Transverse loading distribution related to micro-cracks evolution on a timber-concrete slab

Numerical simulation based on a non-linear material behaviour definition of concrete being a part of a coupled timber-concrete load-bearing system is presented in this paper. The main goal of a NL material modelling performed and introduced herein is to define the influence of concrete fragility over transverse loading distribution horizontally a locally loaded slab. The gained knowledge is consequently applied in a local fire exposure problem. Numerical simulations based on both linear elastic (LE) and non-linear (NL) material behaviour are compared with the results obtained from several real-size experiments and the effects of specific phenomena are discussed further. NL material definition of concrete is also termed as a “damaged material model” in certain references. This work is a continuation of the research performed at the Department of Civil Engineering, University of Coimbra, which’s result had been analysed and further published in paper (Dias et al. 2013) and doctoral thesis (Monteiro 2015).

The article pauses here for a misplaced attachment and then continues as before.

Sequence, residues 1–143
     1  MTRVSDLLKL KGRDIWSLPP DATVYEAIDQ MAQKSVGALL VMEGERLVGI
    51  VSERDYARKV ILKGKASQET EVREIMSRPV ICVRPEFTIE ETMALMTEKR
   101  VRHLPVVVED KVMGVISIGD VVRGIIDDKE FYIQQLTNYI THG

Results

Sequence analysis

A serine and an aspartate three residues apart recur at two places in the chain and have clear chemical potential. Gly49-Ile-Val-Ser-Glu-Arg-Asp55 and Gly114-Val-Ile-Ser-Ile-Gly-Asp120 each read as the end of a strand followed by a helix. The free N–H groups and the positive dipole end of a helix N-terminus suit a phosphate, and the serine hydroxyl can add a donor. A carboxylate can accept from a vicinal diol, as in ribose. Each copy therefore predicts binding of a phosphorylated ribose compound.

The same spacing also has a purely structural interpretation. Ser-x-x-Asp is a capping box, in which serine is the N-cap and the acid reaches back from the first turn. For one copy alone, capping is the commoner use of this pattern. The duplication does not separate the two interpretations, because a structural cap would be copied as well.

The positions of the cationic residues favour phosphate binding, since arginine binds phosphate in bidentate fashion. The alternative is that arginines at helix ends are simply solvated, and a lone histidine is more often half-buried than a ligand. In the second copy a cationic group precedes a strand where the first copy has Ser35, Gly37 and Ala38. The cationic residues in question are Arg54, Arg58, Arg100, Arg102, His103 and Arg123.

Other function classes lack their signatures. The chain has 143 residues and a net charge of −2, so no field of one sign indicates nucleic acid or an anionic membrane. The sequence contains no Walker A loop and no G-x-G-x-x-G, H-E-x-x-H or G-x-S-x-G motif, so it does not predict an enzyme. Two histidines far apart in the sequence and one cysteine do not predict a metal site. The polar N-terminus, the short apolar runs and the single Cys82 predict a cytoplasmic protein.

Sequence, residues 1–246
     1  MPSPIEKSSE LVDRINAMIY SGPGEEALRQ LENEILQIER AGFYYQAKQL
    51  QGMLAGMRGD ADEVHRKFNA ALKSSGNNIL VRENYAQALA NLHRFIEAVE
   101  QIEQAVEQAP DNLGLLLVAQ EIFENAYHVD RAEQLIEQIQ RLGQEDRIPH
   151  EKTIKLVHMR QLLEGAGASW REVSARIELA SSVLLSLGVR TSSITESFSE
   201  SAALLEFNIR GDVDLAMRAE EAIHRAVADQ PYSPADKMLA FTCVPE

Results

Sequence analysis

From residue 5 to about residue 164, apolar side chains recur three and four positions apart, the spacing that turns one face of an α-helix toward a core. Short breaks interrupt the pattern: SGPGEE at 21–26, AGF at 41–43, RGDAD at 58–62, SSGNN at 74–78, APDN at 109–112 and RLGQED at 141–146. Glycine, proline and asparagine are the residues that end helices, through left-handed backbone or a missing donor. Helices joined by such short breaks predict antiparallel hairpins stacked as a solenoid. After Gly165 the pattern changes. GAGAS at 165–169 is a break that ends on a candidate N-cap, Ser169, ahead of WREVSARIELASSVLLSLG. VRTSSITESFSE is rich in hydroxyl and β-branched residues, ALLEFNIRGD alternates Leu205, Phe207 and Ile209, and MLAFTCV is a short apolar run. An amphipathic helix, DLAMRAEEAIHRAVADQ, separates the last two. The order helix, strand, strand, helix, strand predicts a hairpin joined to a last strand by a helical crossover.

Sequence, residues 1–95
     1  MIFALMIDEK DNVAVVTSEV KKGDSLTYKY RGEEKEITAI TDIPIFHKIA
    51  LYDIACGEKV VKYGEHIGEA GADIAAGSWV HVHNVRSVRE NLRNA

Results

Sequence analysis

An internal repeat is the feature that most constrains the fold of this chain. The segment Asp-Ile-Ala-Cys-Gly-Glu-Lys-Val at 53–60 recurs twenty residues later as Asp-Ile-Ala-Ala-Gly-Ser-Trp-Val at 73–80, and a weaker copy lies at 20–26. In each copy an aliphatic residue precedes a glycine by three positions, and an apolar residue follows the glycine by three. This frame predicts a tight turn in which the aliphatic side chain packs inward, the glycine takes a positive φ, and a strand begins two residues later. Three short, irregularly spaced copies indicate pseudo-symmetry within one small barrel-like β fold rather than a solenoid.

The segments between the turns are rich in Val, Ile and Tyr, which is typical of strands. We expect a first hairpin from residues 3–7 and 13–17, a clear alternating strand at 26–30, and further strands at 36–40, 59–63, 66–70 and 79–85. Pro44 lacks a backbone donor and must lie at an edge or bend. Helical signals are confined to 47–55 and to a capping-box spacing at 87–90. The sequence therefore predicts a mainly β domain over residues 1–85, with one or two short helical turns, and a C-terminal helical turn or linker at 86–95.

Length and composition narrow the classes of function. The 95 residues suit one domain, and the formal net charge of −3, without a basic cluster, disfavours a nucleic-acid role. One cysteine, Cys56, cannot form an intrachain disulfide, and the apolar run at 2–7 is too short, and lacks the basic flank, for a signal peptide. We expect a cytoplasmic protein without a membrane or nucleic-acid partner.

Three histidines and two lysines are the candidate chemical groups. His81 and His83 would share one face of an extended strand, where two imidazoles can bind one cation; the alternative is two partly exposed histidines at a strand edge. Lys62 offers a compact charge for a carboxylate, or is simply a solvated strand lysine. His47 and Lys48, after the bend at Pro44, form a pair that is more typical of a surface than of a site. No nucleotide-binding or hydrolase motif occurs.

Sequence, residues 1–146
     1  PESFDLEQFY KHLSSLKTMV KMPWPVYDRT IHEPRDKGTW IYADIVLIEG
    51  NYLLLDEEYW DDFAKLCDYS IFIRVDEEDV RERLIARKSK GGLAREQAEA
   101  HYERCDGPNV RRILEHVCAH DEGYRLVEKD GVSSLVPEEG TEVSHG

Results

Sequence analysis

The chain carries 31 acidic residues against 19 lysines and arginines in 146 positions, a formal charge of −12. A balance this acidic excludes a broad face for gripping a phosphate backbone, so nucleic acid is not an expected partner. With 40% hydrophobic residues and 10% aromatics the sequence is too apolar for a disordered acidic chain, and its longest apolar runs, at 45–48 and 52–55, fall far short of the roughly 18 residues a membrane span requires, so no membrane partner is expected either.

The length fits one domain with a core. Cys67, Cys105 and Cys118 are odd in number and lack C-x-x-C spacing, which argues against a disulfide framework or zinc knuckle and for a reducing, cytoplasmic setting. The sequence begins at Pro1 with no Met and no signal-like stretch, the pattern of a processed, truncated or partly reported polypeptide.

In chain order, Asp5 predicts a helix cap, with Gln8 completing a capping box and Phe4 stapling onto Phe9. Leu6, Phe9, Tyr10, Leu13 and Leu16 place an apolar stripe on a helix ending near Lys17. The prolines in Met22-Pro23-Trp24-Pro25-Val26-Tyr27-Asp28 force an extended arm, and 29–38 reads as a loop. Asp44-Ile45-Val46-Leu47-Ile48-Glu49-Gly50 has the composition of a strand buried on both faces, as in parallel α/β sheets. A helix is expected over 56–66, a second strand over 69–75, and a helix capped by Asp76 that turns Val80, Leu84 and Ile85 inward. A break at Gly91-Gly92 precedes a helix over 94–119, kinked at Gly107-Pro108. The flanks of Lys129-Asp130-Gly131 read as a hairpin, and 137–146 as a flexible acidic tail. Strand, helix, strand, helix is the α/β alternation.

Effect of lamina thickness on flexural performance and creep behavior of douglas fir glued laminated timber beam

This research presents the effects of lamina thickness on flexural and creep performances of glulam timber. Flexural test results indicated that nonlinear load-displacement curve could be defined as both exponential and power functions. Lamina thickness was not affected to nonlinear curve, especially at initial linear relationship. Slightly different of 2.92% for nonlinear function parameters was obtained. For flexural creep test due to three levels of sustained load for 1,000 hours, only secondary creep stage behaviors without delamination were observed for all glulam timbers while average relative creep was 1.66. Effect of lamina thickness was also not found for creep performance. Finally, creep models have been developed including Bailey-Norton, adjusted Pickel, simplified Pickel, and Dorn models and found that Bailey-Norton and the adjusted Pickel models gave a good correlation with experiment and were the suitable models which could be used to predict long-term flexural creep behavior for various stress levels.